Design for an ultrasound-based instrument for measurement of tissue blood flow

S. M. Burns, Michael H Reid

Research output: Contribution to journalArticle

7 Scopus citations

Abstract

Quantitative measurement of tissue blood flow is of importance for many reasons: detection of capillary flow disturbances, evaluating indications for amputation, investigating vasospastic conditions, and evaluating vasoactive drugs or the effect of sympathectomy. Methods of investigating tissue blood flows include skin thermometry, thermal conductance or clearance, transcutaneous PO2.Laser doppler flux, and photoplethysmographic techniques. A major reason that ultrasound has not previously been applied to this problem is that at the very low blood velocities in the capillaries (0.1 to 1 mm/sec) the Doppler shift is small (on the order of 1 Hz/MHz of carrier signal). Advantages of ultrasound are a noninvasive procedure and penetration depths greater than that possible with optical techniques. This paper discusses the development of a Doppler ultrasound instrument which allows spectral resolution of the velocities in tissue blood flow. Briefly, a low phase noise oscillator at 7.5 Mhz is used with two transducers to obtain the shifted signal. After mixing with the fundamental, the resulting low frequency signal is fed into a high resolution spectrum analyzer for analysis.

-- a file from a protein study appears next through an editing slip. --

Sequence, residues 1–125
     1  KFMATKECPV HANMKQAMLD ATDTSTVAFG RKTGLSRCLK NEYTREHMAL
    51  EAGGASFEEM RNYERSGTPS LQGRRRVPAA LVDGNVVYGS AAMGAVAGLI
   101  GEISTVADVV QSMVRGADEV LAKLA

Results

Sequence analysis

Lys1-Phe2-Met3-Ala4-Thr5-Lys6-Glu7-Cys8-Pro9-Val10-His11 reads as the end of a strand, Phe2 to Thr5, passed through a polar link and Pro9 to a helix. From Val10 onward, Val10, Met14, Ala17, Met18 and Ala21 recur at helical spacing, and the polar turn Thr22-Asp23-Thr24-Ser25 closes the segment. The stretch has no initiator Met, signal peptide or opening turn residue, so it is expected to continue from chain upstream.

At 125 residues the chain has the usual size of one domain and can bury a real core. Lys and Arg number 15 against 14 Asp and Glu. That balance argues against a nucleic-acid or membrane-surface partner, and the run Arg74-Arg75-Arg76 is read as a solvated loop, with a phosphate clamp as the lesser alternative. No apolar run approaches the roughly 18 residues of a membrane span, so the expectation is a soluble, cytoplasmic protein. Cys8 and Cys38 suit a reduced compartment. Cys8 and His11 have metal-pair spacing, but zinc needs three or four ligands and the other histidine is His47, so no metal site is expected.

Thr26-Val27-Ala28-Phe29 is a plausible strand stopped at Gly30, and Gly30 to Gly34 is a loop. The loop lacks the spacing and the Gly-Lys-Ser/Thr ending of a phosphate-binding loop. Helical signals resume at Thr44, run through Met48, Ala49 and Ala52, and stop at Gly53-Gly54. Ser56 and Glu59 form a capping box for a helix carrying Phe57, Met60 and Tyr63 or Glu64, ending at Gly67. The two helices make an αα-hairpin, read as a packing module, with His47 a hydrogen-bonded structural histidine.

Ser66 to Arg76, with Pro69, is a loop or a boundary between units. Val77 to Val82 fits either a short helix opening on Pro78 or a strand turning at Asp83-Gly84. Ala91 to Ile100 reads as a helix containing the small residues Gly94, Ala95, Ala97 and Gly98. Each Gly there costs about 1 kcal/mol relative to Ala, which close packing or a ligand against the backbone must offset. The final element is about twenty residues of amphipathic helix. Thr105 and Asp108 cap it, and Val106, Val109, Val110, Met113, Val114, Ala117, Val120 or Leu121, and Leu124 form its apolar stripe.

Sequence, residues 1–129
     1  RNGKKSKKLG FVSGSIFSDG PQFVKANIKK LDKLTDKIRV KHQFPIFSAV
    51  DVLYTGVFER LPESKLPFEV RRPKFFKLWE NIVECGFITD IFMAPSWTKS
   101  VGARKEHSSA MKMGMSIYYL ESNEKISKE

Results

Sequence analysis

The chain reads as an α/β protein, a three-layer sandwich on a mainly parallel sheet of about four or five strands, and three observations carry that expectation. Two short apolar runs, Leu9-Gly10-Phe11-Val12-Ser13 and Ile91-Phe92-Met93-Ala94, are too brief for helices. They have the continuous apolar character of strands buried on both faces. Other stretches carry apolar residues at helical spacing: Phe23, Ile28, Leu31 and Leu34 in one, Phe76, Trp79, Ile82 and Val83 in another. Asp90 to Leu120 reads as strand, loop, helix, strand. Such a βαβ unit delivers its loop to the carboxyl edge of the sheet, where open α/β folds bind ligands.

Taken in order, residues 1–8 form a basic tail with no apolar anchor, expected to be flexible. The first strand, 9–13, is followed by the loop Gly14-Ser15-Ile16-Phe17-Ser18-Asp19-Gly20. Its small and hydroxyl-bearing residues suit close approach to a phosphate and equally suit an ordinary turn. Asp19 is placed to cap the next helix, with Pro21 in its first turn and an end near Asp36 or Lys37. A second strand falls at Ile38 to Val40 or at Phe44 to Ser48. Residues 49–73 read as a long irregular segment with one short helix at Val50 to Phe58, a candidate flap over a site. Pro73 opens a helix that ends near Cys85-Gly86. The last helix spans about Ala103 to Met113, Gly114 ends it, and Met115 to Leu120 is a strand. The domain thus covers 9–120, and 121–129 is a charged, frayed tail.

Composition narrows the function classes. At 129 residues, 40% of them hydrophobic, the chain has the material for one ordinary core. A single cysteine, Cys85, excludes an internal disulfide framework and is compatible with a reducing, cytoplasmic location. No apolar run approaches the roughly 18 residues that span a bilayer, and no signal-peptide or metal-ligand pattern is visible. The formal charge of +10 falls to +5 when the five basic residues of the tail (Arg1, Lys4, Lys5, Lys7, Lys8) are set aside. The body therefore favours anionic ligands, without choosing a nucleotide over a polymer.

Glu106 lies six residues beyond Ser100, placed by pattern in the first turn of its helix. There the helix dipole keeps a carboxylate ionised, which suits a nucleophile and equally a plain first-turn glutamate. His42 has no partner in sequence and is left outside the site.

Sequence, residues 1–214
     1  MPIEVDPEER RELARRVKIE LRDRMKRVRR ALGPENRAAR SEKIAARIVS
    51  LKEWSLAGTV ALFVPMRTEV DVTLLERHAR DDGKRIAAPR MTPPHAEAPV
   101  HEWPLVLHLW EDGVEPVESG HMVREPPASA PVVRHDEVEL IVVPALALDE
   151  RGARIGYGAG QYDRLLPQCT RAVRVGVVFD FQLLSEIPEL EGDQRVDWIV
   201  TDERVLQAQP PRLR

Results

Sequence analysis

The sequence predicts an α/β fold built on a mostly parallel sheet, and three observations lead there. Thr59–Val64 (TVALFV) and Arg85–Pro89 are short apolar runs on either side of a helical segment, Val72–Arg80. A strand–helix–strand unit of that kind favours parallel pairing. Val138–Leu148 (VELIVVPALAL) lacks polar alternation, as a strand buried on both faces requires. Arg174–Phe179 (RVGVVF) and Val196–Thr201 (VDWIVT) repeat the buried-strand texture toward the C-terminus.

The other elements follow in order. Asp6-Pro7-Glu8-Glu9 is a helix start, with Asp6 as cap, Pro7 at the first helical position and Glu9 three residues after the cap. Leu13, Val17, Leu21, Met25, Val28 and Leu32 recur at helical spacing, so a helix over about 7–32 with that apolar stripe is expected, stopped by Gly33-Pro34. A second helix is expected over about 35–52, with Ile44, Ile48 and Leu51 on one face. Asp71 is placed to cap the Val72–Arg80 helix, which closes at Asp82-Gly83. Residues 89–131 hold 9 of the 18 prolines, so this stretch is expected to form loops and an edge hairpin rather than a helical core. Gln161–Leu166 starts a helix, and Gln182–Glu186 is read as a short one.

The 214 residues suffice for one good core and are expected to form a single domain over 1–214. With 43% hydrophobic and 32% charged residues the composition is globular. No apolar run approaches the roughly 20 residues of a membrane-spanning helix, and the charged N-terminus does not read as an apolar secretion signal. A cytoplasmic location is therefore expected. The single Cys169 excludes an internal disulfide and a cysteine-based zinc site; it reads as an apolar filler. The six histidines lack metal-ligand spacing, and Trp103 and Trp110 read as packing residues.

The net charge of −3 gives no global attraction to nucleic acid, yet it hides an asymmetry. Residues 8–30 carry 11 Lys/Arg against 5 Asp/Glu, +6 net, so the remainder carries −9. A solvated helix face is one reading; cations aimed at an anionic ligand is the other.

Original languageEnglish (US)
Pages (from-to)61-68
Number of pages8
JournalBiomaterials, Artificial Cells and Artificial Organs
Volume17
Issue number1
DOIs
StatePublished - Jan 1 1989

ASJC Scopus subject areas

  • Medicine(all)

Fingerprint Dive into the research topics of 'Design for an ultrasound-based instrument for measurement of tissue blood flow'. Together they form a unique fingerprint.

  • Cite this